Art and Animation (3/10, no argument about this one): Geez, do we really need to talk about this? If you thought Kill La Kill was a cheap-looking series I highly suggest you forcefully lower your standards of animation quality before checking this series out. I am not joking when I say many frames in the anime (not just the in-between frames!) look like they were drawn by a 5-year old. Animation is incredibly jerky most of the time, and it lacks lots of details that I really wish could have been included. The colour palette used by the series is another problem I had as well. It was justified during the earlier episodes of the series given its more down-to-earth nature, but it really could’ve used brighter, bolder colours and lines to give it a better look after the first arc. It is just really sad that Samurai Flamenco had barely any budget at all. I actually thought they would have to pull a Gainax budget-saving method a la the paper puppets episode in Kare Kano. Still, where it really (/really really/) counts the animation managed to deliver – particularly when it came to close-up shots of characters’ facial expressions that were important in conveying a message to the viewer.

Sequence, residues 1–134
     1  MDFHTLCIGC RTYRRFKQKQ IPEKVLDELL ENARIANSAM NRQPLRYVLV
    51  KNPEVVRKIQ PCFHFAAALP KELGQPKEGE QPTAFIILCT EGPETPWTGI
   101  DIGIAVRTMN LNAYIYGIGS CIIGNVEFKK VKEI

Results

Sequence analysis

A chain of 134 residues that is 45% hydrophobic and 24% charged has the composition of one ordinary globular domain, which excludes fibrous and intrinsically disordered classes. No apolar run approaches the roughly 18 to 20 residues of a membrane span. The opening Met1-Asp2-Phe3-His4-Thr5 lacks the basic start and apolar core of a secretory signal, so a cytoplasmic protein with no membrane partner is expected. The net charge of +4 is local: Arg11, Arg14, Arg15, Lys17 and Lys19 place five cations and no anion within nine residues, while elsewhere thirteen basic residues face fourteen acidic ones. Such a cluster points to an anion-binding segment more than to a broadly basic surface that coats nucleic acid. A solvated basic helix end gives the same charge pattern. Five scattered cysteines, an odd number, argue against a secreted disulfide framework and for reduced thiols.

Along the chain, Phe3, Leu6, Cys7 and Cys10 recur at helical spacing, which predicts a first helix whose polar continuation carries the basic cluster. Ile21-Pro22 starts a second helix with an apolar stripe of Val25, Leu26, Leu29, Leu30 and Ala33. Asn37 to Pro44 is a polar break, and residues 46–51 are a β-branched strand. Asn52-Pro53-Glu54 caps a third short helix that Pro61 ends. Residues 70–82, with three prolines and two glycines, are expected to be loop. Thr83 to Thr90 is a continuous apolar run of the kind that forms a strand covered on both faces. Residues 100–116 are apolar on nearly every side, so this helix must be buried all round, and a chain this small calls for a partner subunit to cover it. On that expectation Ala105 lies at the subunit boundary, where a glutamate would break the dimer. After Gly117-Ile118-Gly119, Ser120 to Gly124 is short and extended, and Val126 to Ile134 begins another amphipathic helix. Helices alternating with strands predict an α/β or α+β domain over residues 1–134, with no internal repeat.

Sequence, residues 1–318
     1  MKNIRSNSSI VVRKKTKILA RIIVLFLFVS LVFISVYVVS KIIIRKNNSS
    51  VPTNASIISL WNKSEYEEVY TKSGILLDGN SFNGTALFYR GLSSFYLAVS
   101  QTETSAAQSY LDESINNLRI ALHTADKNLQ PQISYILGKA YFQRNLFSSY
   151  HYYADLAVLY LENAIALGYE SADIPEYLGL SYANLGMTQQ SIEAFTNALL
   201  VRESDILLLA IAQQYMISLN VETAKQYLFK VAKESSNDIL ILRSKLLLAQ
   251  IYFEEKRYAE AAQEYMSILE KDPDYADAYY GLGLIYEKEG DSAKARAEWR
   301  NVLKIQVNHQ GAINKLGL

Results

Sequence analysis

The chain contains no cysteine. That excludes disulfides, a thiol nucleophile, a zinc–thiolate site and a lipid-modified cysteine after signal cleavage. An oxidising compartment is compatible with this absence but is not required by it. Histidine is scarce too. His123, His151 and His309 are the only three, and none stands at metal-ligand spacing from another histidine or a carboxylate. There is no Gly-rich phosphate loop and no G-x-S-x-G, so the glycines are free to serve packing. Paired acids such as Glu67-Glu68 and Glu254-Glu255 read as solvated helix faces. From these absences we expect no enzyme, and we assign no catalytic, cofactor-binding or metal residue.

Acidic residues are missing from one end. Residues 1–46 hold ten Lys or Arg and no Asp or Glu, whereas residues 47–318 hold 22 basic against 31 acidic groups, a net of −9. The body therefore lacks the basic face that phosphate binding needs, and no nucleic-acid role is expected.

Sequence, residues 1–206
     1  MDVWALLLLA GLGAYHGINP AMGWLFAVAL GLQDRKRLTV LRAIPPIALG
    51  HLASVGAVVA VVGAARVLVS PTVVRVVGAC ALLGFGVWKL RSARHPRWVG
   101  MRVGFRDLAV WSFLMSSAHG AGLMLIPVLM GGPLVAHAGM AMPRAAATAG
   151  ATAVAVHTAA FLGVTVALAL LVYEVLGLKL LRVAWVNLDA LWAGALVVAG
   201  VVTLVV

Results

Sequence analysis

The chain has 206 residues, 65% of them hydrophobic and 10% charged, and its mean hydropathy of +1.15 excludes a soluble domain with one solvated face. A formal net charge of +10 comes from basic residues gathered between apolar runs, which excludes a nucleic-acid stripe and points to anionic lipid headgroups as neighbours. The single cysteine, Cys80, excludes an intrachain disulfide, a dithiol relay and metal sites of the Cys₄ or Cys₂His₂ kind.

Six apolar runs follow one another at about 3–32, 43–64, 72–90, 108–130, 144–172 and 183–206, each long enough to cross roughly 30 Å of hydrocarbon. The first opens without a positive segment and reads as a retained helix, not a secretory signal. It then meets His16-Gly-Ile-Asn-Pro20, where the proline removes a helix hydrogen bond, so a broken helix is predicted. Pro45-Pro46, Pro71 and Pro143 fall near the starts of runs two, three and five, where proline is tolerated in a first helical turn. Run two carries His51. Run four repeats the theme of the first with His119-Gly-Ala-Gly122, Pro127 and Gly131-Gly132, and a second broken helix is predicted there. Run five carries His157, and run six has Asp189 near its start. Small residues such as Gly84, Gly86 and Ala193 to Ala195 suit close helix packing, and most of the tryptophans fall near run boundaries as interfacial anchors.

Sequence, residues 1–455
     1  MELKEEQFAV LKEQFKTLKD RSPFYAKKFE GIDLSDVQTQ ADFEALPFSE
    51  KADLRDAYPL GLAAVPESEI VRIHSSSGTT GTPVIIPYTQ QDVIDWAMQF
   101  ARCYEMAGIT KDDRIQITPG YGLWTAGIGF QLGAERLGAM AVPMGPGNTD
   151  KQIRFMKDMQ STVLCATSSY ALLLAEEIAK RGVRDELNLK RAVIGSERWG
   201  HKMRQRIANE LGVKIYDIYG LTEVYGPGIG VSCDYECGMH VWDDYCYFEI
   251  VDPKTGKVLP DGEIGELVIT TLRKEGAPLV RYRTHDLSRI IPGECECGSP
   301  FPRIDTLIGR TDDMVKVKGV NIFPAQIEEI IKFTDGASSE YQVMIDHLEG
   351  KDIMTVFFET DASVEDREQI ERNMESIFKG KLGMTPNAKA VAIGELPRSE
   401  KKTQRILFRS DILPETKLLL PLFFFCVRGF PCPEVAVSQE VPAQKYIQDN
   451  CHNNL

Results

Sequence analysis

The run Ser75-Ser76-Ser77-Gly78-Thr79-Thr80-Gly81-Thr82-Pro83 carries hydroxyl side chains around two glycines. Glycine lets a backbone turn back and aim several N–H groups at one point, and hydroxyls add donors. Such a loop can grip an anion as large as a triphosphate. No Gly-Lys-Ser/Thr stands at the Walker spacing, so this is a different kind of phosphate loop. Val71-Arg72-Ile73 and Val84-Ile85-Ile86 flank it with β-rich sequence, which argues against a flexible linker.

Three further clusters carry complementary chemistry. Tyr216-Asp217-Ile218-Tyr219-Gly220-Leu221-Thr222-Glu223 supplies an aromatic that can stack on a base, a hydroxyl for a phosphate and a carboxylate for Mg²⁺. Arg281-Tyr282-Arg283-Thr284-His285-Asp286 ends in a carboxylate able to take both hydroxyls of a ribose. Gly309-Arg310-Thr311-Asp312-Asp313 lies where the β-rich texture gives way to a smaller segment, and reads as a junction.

Sound (6.5 out of 10): I’m going to be honest, apart from the fantastic OP and ED themes (I love both FLOW and Spyair so the OPs were a real treat for me) the score for this series was not memorable. Heck, while the EDs were both really fun and catchy tracks they just do not fit the tone of the story very well especially in later episodes. I can’t remember a single track in the series that I actually took notice of, which was quite a shame. Voice-acting on the other hand though, was fantastic. Tomokazu Sugita performing excellently as Gotoh is pretty much a given, but I was genuinely surprised by how good Masuda Toshiki was with his portrayal of Masayoshi. Masayoshi’s childlike demeanor was just so well done, considering this VA’s very limited experience. The same can be said for every other character in the series really, just a bit shame that not every character got the time they really deserved to be in the spotlight.